By Sterling Professor of the Humanities Harold Bloom

This sequence presents entire studying and research publications for many of the world's most vital literary masterpieces.

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Scrooge is tormented by the irreversible nature of each word spoken, each deed done in the earthly life. The scene ends in Scrooge’s pathetic (but also almost comical) failure to extinguish the light used by the ghost to bring all these moments back into view. ╯. ╯. Itself constantly metamorphosing, the Ghost has come to disturb Scrooge into a recognition—first painful then joyous—of his true multifaceted self: surrogate father, uncle, child, businessman, pledged to live in the Past, the Present, and the Future.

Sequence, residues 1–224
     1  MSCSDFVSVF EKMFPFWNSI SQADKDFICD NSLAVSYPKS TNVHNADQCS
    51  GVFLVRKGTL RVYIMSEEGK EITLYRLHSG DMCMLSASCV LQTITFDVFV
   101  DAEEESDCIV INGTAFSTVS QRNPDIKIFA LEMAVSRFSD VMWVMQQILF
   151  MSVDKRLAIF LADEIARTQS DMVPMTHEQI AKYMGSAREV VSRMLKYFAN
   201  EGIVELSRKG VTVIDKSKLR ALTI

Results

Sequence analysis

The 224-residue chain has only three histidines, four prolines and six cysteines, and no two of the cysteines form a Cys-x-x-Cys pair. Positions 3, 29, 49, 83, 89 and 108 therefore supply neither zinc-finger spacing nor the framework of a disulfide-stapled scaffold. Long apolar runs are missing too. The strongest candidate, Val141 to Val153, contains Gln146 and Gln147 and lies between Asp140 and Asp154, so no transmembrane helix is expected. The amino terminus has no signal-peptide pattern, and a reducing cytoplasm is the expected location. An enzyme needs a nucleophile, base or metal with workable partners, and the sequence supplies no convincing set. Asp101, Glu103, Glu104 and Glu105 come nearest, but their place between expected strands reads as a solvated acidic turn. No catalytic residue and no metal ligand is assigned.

He ‘feels pity for his former self’ and the pity brings with it the first movement of imaginative self-criticism. (The Moral Art of Dickens, 35) “The first movement of imaginative self-criticism”: This is an essential component of the conversion process that Scrooge must undertake to avoid Marley’s fate. Hardy’s specific reference here is to the boy singing the carol. The next scene from Scrooge’s past takes place in the warehouse where he apprenticed. It is another Christmas season, and in this vignette young Scrooge is the subodinate and Fezziwig the boss.

Itself constantly metamorphosing, the Ghost has come to disturb Scrooge into a recognition—first painful then joyous—of his true multifaceted self: surrogate father, uncle, child, businessman, pledged to live in the Past, the Present, and the Future. (Charles Dickens and His Performing Selves, 259) Stave III: The Second of the Three Spirits A warier and more prepared Scrooge awaits the arrival of the next spirit. ╯. ” But Scrooge thinks he is ready for what is coming next, and then, as happens so often, the moment he thinks he has figured things out, something quite unexpected happens, which, in this moment for Scrooge, is nothing.

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